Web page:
Sealing the fate of the dinosaurs
It's official: It really was an asteroid, and not massive volcanic activity, that wiped out the dinosaurs (and more than half the other species on earth) at the Cretaceous-Tertiary boundary some 65 million years ago.
That's the conclusion of a painstaking review of all the available evidence by a panel of 41 international experts and published today in the journal Science.
But you knew that already, right? So what's all the fuss about? And, more importantly, why do we need a panel of experts to spend so much time and money exhaustively reviewing the evidence and producing a ruling on an issue that has long since been laid to rest?
Well (with apologies to Donald Rumsfeld), the fact is that we suspected we knew, but we didn't know that we knew for sure.
The problem is that the asteroid extinction theory is such a powerful explanation, such a catchy story, that it passed into the common narrative of the dinosaurs' demise long before the evidence to substantiate it had been consolidated.
But the asteroid theory is not the only explanation for the Cretaceous-Tertiary mass extinction.
Behind the scenes a dedicated band of geologists, geochemists and palaeontologists have argued that a series of massive volcanic eruptions across the Deccan Traps in India could well have been the real culprit.
These eruptions, spread over more than a million years, spewed billions of tonnes of lava - enough to fill the Black Sea twice over - across the earth's surface, blackening the sky with clouds of ash and triggering acid rain on a global scale.
It all comes down to a question of timing, and of interpretation of the geological record.
The supporters of the Deccan Traps theory argue that the asteroid impact at Chicxulub in Mexico, actually occurred some 300 000 years before the KT extinction boundary.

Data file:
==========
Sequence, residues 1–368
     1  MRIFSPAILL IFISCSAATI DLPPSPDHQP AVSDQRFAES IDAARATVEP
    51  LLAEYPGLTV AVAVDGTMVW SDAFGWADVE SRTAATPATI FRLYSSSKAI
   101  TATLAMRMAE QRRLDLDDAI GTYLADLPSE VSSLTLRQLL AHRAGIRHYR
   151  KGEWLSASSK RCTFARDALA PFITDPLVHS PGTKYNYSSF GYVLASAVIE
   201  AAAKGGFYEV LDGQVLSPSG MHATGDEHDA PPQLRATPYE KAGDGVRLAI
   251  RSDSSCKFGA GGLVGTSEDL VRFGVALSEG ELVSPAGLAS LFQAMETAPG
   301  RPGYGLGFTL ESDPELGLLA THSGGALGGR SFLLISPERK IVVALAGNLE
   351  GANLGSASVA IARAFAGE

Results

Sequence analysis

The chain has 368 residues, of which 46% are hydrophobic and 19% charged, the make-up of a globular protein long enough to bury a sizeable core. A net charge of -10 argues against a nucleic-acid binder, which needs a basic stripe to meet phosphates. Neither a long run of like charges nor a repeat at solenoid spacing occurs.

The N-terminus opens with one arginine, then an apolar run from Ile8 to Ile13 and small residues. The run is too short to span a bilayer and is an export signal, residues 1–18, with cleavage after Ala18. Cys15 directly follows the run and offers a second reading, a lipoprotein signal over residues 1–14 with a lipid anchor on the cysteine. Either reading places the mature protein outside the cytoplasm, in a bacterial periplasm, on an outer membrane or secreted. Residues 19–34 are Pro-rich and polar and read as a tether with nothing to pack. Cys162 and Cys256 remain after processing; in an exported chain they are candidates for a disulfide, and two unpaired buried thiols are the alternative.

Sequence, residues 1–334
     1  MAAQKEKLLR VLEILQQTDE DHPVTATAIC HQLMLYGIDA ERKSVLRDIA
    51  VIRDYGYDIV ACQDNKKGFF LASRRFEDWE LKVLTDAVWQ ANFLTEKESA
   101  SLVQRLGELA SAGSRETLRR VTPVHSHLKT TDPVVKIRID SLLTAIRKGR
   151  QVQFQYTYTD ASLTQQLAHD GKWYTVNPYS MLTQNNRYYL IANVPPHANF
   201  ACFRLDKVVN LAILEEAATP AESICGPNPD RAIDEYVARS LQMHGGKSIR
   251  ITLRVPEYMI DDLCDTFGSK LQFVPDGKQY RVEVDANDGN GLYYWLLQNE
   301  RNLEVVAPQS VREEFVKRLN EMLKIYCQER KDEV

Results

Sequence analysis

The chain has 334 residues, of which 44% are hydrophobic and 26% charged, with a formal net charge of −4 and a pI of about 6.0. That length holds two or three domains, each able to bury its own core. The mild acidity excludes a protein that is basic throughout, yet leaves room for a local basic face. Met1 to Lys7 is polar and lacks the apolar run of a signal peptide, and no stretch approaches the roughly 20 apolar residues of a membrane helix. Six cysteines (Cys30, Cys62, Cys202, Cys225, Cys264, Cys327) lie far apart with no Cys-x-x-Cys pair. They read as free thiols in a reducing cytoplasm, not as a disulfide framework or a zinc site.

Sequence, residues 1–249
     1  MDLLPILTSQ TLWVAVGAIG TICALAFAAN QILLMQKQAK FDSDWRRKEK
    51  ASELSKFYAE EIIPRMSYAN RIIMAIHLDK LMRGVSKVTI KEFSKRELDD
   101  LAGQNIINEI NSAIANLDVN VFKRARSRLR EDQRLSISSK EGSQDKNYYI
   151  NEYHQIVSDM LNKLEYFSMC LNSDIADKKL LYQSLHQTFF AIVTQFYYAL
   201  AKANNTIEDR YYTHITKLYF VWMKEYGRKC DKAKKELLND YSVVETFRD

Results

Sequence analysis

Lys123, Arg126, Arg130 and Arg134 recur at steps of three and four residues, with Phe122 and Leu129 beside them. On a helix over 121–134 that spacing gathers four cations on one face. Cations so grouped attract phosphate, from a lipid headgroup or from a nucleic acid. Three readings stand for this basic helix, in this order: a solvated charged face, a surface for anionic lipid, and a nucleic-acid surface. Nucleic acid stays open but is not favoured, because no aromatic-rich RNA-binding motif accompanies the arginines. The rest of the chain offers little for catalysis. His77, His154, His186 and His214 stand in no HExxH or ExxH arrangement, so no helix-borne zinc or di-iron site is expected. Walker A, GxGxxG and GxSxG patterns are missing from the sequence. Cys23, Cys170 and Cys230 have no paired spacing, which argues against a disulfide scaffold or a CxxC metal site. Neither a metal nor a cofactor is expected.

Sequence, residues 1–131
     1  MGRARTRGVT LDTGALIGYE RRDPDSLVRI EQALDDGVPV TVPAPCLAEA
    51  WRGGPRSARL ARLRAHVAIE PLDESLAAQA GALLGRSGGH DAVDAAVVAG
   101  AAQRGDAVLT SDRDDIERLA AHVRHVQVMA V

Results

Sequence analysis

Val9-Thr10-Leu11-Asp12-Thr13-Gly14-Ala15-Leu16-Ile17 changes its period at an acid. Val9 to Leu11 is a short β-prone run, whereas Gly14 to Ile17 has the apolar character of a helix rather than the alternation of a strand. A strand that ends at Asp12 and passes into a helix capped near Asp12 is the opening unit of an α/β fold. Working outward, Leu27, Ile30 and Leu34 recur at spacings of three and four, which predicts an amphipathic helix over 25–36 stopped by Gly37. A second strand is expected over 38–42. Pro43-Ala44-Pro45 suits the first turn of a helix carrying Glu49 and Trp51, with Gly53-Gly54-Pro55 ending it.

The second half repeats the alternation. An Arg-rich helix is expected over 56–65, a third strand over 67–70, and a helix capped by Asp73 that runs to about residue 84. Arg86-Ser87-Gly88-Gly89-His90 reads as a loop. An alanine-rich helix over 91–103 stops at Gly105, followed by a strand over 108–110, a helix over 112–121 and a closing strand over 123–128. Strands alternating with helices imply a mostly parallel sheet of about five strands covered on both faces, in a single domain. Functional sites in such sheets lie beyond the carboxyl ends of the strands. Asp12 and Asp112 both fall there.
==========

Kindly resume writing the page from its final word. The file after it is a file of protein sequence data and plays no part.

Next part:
If that's true then the devastation it caused can only have been a contributory factor in the demise of the dinosaurs - just one of many smoking guns.
But the review team, lead by Peter Schulte at the University of Erlangen-Nurnberg in Germany, has discounted the idea that there was a significant gap between the Chicxulub impact and the rapid disappearance of fossils from the geological record, which they claim is based on a misinterpretation of the rock strata around the impact site.
The strongest evidence for the impact extinction theory has always been the layer of iridium deposits in geological samples dating from the KT boundary.
Iridium is very rare in the earth's crust, but a common component in asteroids. The latest research shows the decline in fossil abundance and species variety correlates very closely with the iridium layer, indicating that the extinction event followed immediately after the asteroid impact.
According to Dr Joanna Morgan from the Department of Earth Sciences at Imperial College London and a co-author on the review.
"We now have great confidence that an asteroid was the cause of the KT extinction," she says.
The impact would have triggered large-scale wildfires, massive earthquakes, and continental landslides which in turn created huge tsunamis, she argues, but the final nail in the dinosaurs coffin would have been the huge volume of material blasted into the atmosphere at high velocity.
"This shrouded the planet in darkness and caused a global winter, killing off many species that couldn't adapt to this hellish environment".
It does seem to be the end for one of science's great known unknowns.